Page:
“What’s a gerund?” I asked.

She laughed. Odd thing that. Because when asking this question I actually was serious. I remember that a gerund has something to do with grammar but exactly what I couldn’t tell you. Don’t hold it

against me. Remember I said right from the start that my career had been just one successful scam.

“So, are you still in school?” I asked. “I’m a freshman,” she said.
“At ISU,” she added.

“ISU. Of course,” I said, “and what’s your major there?”
“I’m undeclared so far,” she said. “Any suggestions?”
“Oh, I don’t know. I’ve always been fond of plastics fabrication

myself.” “What?”

“Nothing,” I said. “You know, I couldn’t really recommend any course for you to study. I wouldn’t want to do that. What if I suggested something, you did it and then it turned out to be completely wrong for you? A few years from now you might come hunting me down with a shotgun.”

“But what did you major in?”

“I didn’t major in anything. Like I said, I started in this when I was a teenager. Assignments and bars just kind of bled together until I ended up where I am now. I never had the time to go to college. I was too busy working.”

“How can that be?”

“Be? I’m a music journalist. If I were a real journalist then yes, I’m sure that lack of education would probably make it hard for me to get anywhere, but I write about the music industry. So the entrance requirements are a bit more lax.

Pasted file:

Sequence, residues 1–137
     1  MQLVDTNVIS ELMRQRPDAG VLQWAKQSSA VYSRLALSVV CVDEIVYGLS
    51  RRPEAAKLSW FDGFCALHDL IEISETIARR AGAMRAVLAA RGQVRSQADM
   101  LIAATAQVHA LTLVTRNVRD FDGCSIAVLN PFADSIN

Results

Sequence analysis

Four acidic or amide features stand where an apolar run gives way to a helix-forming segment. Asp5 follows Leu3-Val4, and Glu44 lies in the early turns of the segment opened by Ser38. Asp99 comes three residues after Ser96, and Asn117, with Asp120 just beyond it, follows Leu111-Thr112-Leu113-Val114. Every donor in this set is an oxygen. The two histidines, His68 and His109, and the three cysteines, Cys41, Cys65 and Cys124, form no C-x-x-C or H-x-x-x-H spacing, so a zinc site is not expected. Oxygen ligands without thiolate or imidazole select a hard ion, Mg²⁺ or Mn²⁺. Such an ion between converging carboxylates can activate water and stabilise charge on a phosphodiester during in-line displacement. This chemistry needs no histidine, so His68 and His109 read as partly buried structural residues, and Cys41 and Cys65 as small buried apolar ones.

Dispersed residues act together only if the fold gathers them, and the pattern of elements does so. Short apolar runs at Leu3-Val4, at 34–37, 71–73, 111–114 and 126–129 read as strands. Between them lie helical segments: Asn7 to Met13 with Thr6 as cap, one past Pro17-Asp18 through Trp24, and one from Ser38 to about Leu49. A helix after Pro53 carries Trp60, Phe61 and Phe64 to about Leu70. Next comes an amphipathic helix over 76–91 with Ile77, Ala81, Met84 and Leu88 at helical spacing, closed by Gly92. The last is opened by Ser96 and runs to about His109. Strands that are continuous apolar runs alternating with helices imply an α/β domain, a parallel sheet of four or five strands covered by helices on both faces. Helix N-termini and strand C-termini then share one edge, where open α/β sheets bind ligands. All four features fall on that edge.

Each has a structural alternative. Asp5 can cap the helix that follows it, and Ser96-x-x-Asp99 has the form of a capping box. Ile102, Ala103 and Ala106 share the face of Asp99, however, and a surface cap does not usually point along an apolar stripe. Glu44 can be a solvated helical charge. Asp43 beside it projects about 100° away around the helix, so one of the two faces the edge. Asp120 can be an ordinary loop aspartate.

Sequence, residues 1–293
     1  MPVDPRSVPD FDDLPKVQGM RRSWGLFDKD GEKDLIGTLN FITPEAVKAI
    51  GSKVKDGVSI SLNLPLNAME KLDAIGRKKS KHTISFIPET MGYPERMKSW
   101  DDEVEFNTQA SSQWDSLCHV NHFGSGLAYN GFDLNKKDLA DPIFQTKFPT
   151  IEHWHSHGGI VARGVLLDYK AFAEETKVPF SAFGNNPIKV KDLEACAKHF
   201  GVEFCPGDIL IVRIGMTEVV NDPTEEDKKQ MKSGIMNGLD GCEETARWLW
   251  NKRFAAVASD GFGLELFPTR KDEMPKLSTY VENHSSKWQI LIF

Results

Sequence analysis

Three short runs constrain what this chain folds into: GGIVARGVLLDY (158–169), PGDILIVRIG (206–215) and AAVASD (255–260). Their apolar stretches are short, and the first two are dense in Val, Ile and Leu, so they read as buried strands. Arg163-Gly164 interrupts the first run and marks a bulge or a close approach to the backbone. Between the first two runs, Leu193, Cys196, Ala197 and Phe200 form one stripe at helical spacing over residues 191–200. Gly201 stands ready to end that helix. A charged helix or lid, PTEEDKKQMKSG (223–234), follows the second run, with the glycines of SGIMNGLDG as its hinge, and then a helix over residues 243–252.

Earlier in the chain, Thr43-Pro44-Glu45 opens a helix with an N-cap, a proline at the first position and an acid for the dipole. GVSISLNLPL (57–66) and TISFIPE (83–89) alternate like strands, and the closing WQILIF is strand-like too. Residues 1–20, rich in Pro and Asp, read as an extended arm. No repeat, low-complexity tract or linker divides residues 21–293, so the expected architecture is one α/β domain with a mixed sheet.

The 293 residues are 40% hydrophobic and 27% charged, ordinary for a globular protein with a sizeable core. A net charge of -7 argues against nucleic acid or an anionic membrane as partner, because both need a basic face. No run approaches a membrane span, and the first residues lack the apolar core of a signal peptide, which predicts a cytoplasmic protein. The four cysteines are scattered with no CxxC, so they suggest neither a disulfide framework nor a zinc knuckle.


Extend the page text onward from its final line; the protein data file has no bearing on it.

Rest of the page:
“Oh,” she said.

“I’ll tell you what though. I’m collecting stories about Terre Haute,” I said as I picked up a pen from atop the bar. “Why don’t you tell me a story, then you can see how a professional writes it up.”

“No. No, I don’t know any stories,” she said.

“You don’t really have to ‘know stories.’ Just tell me a bit about yourself. Tell me something interesting that has happened to you.”

She blushed a deep crimson blush and said, “No. I couldn’t” “Sure you could.”

“No. No, I couldn’t” she stammered, “I’ve gotta go. Thanks for talking to me.”

Then she sheepishly turned away and walked back to her group. I shrugged, dropped the pen back on the table and settled into my buzz.

As I sat there, just me and my buzz, Steve the non-bartender and another man came up to me. The man with Steve had the BA/BG Syndrome—he had both big arms and a big gut. His upper body strength was immediately obvious, yet so was his protruding belly. I’ve never understood these guys. I mean, why spend all that time building up your arms if you’ve still got the gut thing going? Why not sacrifice some of your arm workout time in trade for treadmill time? At any rate, the man with Steve had that look. He was not very tall and the lack of height made his stoutness seem even more pronounced. Steve introduced this BA/BG man as John. Steve then went on to tell me that John was the guitarist for his favorite band, Insomniac Trash. This surprised me a bit because John looked as though he was probably closer to my age than the college age of most of the other musicians I had seen here.

John smiled as we shook hands, his big meaty one practically swallowing my stick-figure hand. He said, “Steve here tells me that you and me got something in common.”

“Is that right?” I asked.
“Come on out to my truck and I’ll show you.”
Now, “come on out to my truck” is not a phrase that one hears